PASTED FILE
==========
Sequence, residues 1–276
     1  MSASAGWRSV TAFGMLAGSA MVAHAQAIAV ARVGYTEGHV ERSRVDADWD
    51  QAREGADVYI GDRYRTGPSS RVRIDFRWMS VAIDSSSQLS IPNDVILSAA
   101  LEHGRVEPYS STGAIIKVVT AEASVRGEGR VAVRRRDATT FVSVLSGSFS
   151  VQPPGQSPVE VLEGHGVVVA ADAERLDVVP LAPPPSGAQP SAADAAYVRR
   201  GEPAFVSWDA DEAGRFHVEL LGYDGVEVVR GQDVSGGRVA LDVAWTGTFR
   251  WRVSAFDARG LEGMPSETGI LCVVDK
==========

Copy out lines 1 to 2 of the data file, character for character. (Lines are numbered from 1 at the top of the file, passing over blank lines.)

Sequence, residues 1–276
     1  MSASAGWRSV TAFGMLAGSA MVAHAQAIAV ARVGYTEGHV ERSRVDADWD